UCT spearheading training and research for occupational lung disease in Southern Africa

30 December 2021 Read time 4 min.
Doctors that attended the training course on reading chest radiographs for pneumoconiosis in Zambia.
Doctors that attended the training course on reading chest radiographs for pneumoconiosis in Zambia.

The highest global pneumoconiosis mortality and disability rates are found in Southern Sub-Saharan Africa. Given this high disease burden, A/Prof Shahieda Adams, occupational medicine specialist in the Division of Occupational Medicine, and Dr Qonita Said-Hartley, consultant radiologist and Head of Clinical Unit of Radiology at Groote Schuur Hospital, spearheaded an interdisciplinary African collaboration to promote capacity for the detection of pneumoconiosis.

They delivered a training programme on how to classify chest radiographs of workers with occupational lung disease according to the International Labour Organisation classification. The training was done under the auspices of NEPAD (New Partnership for Africa’s Development) and took place at the Occupational Health Centre of Excellence in Kitwe, Zambia.

In the global burden of disease estimates for Africa, silicosis comprised 32% of all pneumoconiosis (dust-related diseases), and new cases increased by 124% from 1990-2017. The highest global pneumoconiosis mortality and disability rates are found in Southern Sub-Saharan Africa. 

Given this high disease burden, A/Prof Shahieda Adams, occupational medicine specialist in the Division of Occupational Medicine, and Dr Qonita Said-Hartley, consultant radiologist and Head of Clinical Unit of Radiology at Groote Schuur Hospital, spearheaded an interdisciplinary African collaboration to promote capacity for the detection of pneumoconiosis. They delivered a training programme on how to classify chest radiographs of workers with occupational lung disease according to the International Labour Organisation classification. The training was done under the auspices of NEPAD (New Partnership for Africa’s Development) and took place at the Occupational Health Centre of Excellence in Kitwe, Zambia.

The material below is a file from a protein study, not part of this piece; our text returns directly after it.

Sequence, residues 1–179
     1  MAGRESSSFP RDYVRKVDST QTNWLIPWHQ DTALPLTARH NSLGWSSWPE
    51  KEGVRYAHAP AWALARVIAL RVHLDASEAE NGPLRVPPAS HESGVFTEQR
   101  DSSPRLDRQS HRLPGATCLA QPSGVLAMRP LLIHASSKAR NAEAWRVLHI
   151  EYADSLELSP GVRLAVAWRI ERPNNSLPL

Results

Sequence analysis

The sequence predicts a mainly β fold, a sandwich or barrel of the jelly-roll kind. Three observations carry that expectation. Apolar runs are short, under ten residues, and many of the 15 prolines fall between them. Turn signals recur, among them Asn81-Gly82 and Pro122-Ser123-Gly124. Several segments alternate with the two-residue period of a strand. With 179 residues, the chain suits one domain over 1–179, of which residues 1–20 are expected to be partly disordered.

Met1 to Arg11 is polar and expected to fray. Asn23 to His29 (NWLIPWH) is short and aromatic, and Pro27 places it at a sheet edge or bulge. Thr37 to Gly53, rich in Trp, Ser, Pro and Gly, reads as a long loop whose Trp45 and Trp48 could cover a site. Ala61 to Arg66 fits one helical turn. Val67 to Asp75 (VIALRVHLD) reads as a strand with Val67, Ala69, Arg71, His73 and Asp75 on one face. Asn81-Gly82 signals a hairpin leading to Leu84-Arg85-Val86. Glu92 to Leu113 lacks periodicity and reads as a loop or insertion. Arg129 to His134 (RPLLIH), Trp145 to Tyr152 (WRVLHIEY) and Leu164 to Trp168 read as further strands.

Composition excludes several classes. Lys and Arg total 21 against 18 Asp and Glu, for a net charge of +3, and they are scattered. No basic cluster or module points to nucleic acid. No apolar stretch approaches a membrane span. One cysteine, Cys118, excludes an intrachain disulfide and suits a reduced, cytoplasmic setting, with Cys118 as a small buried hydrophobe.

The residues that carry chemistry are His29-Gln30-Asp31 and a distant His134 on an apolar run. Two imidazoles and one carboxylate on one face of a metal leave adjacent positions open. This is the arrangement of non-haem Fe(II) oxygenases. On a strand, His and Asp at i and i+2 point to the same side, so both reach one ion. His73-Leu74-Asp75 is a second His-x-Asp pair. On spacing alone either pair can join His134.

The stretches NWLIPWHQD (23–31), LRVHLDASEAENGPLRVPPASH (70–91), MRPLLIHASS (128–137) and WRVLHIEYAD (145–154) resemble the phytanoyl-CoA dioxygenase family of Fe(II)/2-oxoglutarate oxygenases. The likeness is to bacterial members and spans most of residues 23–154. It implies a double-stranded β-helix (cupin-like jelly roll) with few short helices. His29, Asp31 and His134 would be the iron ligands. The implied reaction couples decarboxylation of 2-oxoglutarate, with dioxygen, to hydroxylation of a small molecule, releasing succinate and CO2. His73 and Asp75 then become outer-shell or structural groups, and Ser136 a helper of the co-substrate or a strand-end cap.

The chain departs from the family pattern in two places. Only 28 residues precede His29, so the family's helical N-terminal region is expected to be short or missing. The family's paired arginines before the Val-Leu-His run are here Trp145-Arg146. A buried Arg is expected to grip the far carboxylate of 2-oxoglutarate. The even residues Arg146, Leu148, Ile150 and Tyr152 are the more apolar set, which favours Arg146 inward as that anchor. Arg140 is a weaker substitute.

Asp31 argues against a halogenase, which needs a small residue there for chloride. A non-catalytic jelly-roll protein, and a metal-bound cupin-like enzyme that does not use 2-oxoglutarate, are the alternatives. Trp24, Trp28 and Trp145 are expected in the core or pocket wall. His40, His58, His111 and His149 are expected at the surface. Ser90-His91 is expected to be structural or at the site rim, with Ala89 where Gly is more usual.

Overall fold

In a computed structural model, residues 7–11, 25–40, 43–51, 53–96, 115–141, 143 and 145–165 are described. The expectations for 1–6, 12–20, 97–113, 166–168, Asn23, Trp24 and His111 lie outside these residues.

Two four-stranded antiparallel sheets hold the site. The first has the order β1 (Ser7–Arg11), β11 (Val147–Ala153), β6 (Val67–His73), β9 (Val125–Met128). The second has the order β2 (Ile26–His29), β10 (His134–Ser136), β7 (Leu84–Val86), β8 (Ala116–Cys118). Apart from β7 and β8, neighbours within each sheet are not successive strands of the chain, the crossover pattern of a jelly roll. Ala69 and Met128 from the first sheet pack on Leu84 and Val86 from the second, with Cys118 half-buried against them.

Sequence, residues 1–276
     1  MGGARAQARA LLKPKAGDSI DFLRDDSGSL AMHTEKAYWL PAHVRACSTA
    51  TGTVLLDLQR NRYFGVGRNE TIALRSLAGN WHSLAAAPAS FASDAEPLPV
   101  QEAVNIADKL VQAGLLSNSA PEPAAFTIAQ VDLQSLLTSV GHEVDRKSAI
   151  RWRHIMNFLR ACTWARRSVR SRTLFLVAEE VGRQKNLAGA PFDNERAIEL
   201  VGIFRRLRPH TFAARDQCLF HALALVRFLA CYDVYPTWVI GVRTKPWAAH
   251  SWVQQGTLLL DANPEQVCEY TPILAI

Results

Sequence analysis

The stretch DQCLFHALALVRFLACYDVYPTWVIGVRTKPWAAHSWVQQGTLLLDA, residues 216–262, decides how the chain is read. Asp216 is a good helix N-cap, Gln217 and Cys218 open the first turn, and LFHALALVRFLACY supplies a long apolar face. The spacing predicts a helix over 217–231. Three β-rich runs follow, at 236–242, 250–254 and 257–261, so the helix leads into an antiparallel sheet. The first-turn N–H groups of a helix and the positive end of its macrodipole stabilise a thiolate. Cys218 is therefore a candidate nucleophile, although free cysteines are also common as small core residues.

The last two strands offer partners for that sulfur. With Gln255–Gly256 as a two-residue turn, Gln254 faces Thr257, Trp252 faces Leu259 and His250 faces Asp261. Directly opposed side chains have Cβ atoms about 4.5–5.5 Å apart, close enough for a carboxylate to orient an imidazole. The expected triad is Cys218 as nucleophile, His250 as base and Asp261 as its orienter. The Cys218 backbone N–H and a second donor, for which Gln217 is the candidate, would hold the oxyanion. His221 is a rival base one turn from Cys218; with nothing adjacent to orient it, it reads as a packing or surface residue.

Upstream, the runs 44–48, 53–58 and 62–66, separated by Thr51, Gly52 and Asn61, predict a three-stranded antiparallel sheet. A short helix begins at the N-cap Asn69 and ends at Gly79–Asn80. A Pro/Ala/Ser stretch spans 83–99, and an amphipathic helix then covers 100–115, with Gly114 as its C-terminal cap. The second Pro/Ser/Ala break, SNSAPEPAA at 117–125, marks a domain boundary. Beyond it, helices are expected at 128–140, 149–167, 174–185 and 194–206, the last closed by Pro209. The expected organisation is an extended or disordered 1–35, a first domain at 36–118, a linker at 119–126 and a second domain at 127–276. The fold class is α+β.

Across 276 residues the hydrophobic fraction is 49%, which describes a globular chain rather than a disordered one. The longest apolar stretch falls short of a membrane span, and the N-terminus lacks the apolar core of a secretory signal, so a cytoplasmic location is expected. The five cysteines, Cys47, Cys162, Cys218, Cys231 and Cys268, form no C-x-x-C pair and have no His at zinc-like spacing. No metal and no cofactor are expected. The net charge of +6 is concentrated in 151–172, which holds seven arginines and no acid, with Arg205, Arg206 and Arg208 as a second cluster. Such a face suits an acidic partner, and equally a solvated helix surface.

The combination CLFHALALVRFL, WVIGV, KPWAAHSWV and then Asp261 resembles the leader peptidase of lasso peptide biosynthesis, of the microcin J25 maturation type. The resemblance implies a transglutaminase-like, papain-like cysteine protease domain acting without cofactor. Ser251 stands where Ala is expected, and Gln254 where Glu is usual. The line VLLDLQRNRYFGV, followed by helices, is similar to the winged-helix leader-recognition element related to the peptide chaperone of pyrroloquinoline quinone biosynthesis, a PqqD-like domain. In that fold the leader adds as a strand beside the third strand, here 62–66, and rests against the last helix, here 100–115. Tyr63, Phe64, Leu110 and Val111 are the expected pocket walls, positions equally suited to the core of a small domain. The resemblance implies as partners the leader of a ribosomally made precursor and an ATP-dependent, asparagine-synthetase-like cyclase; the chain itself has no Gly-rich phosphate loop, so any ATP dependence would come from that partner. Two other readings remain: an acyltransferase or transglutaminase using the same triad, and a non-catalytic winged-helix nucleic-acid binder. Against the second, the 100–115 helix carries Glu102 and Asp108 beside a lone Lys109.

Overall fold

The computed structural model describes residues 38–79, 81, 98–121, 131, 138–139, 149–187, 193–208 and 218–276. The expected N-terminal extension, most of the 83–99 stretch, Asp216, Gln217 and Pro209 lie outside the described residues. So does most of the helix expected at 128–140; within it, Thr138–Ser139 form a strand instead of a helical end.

Participants were doctors from Zambia and Malawi engaged in providing clinical services to mineworkers exposed to mine dust.  The Malawian delegation was headed by Dr Yotam Moya, an MPhil (Occupational Health) UCT graduate currently developing a national OHS system for Malawi. The Occupational Medicine Division is also training one of Malawi’s first occupational medicine specialists, Dr Phinias Mfune, currently based at UCT.

This training comes on the back of the sterling work done by Dr Botembetume Maboso, an MPhil (Occupational Health) student, who was recently awarded the EPICOH Early Career Award for his research on the value of chest radiographs as a diagnostic tool for detecting TB in ex-miners in Lesotho. He has been involved in training local health professionals on the assessment and management of occupational lung disease in mineworkers. 

Another PhD student, Dr Paulino Chamba, a medical officer at the Centre of Medical Examinations in Maputo under the National Health Ministry of Mozambique also graduated last year. His research focussed on work-related asthma among workers in the Mozambique wood processing industry.
 

“Grief is personal and it’s individual, and it may be different for each person,” she says.

Reflecting on the achievements of the Occupational Medicine Division, Prof Mohamed Jeebhay commented that the long-term sustained efforts of the Division in the past two decades, supported by grants from the NIH and the Fogarty International Centre and now thorough NEPAD, certainly bearing fruit. These partnerships bode well for interdisciplinary work and boosting occupational health capacity in Africa. The Division was recently approached by International SOS to develop a distance training programme on occupational health for primary care doctors and nurses in Africa over the next two years.


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